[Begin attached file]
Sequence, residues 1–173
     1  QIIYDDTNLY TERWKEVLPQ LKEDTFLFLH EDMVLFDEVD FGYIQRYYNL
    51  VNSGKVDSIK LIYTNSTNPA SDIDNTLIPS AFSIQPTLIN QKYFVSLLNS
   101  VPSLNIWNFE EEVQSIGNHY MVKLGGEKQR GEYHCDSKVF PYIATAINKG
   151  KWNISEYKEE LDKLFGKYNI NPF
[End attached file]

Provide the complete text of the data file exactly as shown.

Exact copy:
Sequence, residues 1–173
     1  QIIYDDTNLY TERWKEVLPQ LKEDTFLFLH EDMVLFDEVD FGYIQRYYNL
    51  VNSGKVDSIK LIYTNSTNPA SDIDNTLIPS AFSIQPTLIN QKYFVSLLNS
   101  VPSLNIWNFE EEVQSIGNHY MVKLGGEKQR GEYHCDSKVF PYIATAINKG
   151  KWNISEYKEE LDKLFGKYNI NPF